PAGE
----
These landscapes are the soul of Solar Ash, and the game's greatest pleasures come when you reach a new area and see the glorious befuddlement that awaits. Thirties skyscrapers in one section, towers of commerce which you spin your way through while ducking the old subway trains scattered across the rails. The next area might turn the lights out and have you opening colour-coded doors by bathing in the right kind of alien spores. Then a toxic beach, where honeyed ruins sit under a sky filled with twisted filaments of cloud. The 3D art is of the soft, sun-baked kind. Stone feels warm and even the mushrooms look pleasant. And yet! The place is alive - that might be villi underfoot rather than grass - but it is also a fantasy of blooming death. The beaked things you smack around as you race by, the silent, long-vacated buildings towering overhead and underneath, the landmines that look like flu viruses and speak of futile conflicts. All that fungus too, I guess: life at its most disquieting.

The great thing about fictional black holes is that anything could exist inside.

The landscapes fit together perfectly with your moveset. Use a trigger to skate and then pick a direction. Hop on rails to grind them. Fire up a rechargeable boost when you need that extra burst of speed. Use a limited slow-mo for tricky junctions, and use grapple points - or enemies - to lock on and snap right across the landscape and deliver a cosmic headbutt. At times, the audacity of the moves you're chaining together seems to pass from your side of the screen and over to the other. At times, the character you're controlling laughs out loud at the sheer wild nature of what you're both engaged in.

And those beasts. Each one is triggered by clearing out a handful of puddles of animalistic black goop located around the level. It's a traversal challenge really, as you move between attack points while a timer ticks down, before finishing everything off with a needle in the hot pink whale-eye of the puddle, which is somehow also a monster. Each of these you finish off clears the landscape a little and also brings the huge beast in the sky closer to wakefulness. When it finally does wake, you gamely grapple onto it and skate across its spiny surfaces - a spider basketball in one case, a withered phoenix in another - juddering between new attack points in increasingly tricky waves as the world rushes by beneath you.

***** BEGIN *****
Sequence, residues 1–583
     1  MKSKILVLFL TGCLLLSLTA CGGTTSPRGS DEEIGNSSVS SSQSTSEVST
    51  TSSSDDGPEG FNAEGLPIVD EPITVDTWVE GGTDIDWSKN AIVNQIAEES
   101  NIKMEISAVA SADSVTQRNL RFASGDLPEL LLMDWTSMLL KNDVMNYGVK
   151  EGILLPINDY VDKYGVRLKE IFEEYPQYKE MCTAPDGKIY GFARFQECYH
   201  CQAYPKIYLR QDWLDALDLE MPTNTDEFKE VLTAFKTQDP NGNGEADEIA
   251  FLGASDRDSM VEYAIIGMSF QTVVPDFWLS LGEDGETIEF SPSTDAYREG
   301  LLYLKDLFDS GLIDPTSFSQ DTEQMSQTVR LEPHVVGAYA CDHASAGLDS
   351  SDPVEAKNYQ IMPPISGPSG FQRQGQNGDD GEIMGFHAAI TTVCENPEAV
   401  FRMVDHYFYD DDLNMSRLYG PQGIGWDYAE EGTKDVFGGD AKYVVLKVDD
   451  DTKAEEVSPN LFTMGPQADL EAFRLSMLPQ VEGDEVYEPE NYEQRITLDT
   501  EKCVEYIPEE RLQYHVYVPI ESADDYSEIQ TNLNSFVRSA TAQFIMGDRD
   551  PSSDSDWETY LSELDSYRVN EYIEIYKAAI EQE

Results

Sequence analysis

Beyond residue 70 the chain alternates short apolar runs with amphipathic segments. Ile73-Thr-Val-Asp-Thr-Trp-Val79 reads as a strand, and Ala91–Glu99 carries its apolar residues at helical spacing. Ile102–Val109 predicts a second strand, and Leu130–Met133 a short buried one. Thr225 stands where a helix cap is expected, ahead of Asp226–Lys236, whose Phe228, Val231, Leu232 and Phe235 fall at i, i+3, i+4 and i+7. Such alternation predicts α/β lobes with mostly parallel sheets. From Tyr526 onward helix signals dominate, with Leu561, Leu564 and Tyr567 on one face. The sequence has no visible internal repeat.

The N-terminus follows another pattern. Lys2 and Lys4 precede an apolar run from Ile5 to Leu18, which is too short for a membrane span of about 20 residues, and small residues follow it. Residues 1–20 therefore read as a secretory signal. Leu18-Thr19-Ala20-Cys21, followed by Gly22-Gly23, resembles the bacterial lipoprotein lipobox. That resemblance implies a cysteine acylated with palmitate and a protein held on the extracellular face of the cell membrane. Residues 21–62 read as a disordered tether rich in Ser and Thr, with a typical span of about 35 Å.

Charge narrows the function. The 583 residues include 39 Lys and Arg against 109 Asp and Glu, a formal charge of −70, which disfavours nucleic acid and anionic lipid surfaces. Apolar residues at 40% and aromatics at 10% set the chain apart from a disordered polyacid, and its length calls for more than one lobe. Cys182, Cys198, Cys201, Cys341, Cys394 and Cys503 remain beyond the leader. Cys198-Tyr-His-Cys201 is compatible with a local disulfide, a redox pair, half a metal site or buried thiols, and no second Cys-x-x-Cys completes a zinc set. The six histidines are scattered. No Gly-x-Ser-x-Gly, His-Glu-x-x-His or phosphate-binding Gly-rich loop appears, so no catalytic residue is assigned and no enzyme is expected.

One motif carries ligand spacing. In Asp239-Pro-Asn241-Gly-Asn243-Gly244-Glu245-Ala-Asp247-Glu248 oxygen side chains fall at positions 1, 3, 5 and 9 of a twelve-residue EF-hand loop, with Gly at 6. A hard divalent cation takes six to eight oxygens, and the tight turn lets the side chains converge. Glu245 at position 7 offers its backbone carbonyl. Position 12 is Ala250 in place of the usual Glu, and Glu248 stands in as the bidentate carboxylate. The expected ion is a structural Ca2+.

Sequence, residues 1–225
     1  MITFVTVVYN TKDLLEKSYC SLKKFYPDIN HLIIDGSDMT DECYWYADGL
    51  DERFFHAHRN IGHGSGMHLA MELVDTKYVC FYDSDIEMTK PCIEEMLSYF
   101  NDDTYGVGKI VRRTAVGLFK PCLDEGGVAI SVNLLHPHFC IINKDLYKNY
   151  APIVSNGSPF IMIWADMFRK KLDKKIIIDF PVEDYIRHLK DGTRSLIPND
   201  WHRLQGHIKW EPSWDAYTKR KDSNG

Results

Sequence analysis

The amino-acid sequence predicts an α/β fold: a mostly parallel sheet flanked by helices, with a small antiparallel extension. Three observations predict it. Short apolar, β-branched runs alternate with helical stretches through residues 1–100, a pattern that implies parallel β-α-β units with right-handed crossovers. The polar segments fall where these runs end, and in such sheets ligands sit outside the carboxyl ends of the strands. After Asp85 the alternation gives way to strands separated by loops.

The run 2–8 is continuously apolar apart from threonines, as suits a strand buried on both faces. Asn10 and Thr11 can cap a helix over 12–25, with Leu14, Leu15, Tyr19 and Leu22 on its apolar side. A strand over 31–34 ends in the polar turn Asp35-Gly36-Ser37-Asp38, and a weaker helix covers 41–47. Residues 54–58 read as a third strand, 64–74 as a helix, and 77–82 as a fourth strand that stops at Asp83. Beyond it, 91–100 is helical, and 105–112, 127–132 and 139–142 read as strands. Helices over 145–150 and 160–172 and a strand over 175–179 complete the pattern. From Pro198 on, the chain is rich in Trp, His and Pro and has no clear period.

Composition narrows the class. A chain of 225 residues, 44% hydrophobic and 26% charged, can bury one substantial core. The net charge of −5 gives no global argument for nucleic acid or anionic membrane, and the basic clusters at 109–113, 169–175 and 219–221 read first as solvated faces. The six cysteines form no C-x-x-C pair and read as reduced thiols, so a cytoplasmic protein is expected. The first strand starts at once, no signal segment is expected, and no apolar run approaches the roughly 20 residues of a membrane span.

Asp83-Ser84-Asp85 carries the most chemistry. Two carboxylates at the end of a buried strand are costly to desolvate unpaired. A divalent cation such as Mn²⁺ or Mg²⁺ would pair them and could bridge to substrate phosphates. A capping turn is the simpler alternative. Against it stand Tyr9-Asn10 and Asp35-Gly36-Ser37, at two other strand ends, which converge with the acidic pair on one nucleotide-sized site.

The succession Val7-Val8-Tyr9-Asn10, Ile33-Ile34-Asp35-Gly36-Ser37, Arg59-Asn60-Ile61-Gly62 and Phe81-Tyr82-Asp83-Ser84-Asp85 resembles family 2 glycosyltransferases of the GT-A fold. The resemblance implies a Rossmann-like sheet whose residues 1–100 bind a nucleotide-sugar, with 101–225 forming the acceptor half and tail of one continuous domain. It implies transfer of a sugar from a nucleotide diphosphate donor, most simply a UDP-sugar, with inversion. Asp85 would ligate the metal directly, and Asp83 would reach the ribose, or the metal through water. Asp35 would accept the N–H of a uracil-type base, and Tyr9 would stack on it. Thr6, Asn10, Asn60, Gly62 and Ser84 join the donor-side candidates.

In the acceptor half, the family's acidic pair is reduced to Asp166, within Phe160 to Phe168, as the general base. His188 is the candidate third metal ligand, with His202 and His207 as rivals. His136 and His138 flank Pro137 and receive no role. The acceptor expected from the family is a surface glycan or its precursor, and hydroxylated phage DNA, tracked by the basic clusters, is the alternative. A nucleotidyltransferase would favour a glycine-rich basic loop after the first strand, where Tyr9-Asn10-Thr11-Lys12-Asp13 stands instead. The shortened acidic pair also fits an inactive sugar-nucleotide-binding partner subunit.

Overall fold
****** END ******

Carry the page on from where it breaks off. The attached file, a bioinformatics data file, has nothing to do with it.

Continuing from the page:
It would not be hard to pull apart the dense braid of potential influences in Solar Ash, from the way your movement brings to mind the freewheeling joy of Jet Set Radio, to the manner in which the game delights in twisting the camera and sending you underneath an object you've spent the last half hour exploring from a different perspective, a la Mario Galaxy. And those beasts should probably invoke gaming's most famous colossi, or at least that sand bird from Mario Sunshine.

You can hunt around to collect different suit parts. Once completed a suit offers perks that change the way you might play.

But they rarely do. What makes Solar Ash special, I think, is the fact that all these semi-familiar parts are filtered through a deeper set of influences that feel like entirely personal preoccupations - so personal that I'm not entirely sure they belong to the game and its designers or to me, the player, and I have just imagined them. I glimpse it, though, this deeper, richer game hiding inside the familiar one, moving around, stretching itself in confines. I glimpse it in the way a twist of rideable cloud will arc up overheard like a thickly myelinated nerve, or in the way the searing Icarus heroism of the Vangelis-tinged theme gives way to the alien burble and thud of human homeostasis on the soundtrack.

Isn't there something rather internal to this space? Could its enemies by neuroglia or macrophages, its landmarks lymph nodes or organs? Are these mushrooms scattered around or the perfumed synapses of neurons ready to discharge their atomiser bursts?